Finally, a blog post about doughnuts! First of all, happy National Doughnut Day. You wouldn’t know it to look through my past blog entries (although the title of this blog gives it away), but doughnuts are my absolute favorite indulgence. And, as it happens, it has been quite a wonderful doughnut year for me.
Along with a couple other very important roles I fill at my parents’ business, Vala’s Pumpkin Patch, I am also the Chief Donut Maker (CDM?). Last September and October I woke up before dawn most mornings, trudged down to the farm and warmed up by the doughnut fryer, peeling off layers of clothing as the hot oil warmed up the barn where I worked. By 9am, when the pick-your-own farm opens up for eager families and children, I had delivered hot donuts to (ahhem) Kirsten’s Coffee House. Did I mention I also love coffee?
So naturally, during the off-season, my job is to scout out, search out and try out the best doughnuts around, all in the name of research. It’s a dream job, even if it is tough on the waistline.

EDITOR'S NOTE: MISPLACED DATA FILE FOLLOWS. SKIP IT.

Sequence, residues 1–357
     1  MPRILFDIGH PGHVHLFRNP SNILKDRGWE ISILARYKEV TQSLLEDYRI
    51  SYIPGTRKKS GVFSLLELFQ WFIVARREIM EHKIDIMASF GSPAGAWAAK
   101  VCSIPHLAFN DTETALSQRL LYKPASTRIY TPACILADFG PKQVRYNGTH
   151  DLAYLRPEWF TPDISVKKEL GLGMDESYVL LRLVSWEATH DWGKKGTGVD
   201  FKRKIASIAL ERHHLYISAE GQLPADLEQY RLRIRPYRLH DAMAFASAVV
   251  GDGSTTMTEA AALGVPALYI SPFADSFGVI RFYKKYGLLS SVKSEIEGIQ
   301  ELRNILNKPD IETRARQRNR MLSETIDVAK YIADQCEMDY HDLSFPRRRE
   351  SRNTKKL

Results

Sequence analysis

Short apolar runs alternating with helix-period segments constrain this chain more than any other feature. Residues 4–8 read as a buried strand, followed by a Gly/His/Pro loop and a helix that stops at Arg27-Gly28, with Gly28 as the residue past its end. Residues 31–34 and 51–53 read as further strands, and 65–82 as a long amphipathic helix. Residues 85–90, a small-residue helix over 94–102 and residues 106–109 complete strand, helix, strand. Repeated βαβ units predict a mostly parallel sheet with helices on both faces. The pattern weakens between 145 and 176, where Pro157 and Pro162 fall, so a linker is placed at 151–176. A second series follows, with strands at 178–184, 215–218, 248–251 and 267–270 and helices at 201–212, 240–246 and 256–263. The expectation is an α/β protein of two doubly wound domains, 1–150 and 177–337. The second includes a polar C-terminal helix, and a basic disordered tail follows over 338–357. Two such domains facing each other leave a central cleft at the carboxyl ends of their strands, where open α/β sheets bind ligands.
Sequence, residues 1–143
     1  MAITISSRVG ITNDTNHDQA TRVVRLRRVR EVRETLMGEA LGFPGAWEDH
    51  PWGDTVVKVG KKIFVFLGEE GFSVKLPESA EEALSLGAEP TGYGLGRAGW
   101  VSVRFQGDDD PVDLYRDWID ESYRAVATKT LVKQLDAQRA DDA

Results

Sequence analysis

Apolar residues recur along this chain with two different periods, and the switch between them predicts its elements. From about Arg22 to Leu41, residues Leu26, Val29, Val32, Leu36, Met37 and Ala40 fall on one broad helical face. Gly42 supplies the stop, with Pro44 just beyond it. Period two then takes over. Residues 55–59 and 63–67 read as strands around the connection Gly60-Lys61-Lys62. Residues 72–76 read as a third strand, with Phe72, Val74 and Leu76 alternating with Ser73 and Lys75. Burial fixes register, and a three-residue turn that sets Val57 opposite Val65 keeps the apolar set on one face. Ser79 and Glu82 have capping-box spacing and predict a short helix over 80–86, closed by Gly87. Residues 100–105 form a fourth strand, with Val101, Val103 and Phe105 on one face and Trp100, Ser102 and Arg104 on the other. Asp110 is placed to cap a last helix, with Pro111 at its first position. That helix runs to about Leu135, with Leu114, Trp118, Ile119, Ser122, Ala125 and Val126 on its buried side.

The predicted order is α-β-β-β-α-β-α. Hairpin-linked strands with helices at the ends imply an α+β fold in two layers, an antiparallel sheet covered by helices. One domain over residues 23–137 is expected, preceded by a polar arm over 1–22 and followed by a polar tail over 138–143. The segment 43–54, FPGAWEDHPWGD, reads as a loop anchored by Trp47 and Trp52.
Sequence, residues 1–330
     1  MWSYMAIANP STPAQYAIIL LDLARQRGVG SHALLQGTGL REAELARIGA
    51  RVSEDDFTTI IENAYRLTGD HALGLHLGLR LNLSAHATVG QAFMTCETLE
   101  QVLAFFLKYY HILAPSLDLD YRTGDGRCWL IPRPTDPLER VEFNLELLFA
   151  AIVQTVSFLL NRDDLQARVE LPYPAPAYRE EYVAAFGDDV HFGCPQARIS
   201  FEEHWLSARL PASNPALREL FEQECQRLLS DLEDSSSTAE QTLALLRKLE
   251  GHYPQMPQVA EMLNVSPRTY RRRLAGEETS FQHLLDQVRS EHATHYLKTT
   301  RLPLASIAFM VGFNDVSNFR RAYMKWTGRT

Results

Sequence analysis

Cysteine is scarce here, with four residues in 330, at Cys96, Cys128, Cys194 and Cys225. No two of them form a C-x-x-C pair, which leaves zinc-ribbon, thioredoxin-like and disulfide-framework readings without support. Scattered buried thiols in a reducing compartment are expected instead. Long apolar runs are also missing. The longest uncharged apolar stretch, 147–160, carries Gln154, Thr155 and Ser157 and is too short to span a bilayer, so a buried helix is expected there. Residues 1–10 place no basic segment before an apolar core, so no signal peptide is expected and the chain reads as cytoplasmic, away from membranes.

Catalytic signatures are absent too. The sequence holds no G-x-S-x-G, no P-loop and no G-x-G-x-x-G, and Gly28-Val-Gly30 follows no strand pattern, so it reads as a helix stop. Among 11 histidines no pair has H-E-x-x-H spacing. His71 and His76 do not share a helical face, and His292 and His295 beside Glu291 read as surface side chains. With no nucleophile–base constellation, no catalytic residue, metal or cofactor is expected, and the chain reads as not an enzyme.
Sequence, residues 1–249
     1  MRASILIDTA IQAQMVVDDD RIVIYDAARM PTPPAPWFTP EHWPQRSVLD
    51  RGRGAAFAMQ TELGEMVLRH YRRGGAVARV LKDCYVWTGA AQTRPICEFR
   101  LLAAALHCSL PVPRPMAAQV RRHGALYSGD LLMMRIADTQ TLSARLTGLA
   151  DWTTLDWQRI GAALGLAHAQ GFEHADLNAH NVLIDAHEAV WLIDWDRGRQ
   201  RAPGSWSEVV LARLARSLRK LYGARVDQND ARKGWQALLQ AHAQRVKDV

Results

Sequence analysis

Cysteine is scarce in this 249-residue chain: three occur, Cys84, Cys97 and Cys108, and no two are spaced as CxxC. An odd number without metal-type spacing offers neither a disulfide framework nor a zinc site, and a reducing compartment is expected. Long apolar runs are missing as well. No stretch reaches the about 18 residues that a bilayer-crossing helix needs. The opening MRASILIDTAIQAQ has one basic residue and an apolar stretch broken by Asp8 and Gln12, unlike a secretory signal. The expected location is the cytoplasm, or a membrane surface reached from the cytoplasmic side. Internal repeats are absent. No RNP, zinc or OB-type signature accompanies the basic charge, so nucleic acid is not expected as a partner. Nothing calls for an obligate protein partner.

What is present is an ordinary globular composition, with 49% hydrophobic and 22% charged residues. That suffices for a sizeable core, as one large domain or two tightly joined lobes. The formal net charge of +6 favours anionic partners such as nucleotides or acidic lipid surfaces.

When I got the chance to travel to Seattle in February, I was thrilled to visit the famous Top Pot Hand-Forged Doughnuts. Small doughnut shops are the best, but this one hit it big time when their popularity in coffee-obsessed Seattle grew and grew. Now they’re super successful and, amazingly, they make doughnuts for Starbucks stores everywhere.
And their store did not disappoint – Top Pot Doughnuts is a doughnut lover’s paradise. I was overwhelmed, ate far too many doughnuts, drank a ton of excellent coffee and was completely happy the rest of the day.
I use their coookbook, Top Pot Hand-Forged Doughnuts: Secrets and Recipes for the Home Baker as my doughnut-making bible. If you have a chance, check out this little essay about the making of the cookbook (how freelance writer Jess Thomson tested 50 doughnut recipes in 5 weeks!) – Tales from the Doughnut Queen.
My favorite type of doughnut is the classic, simple old-fashioned cake doughnut. This one adapted from Top Pot, is made with sour cream, for extra flavor and moistness. It’s also fried at a lower temperature than most doughnuts, which causes the characteristic cracks and crevices. Give it a try for national doughnut day!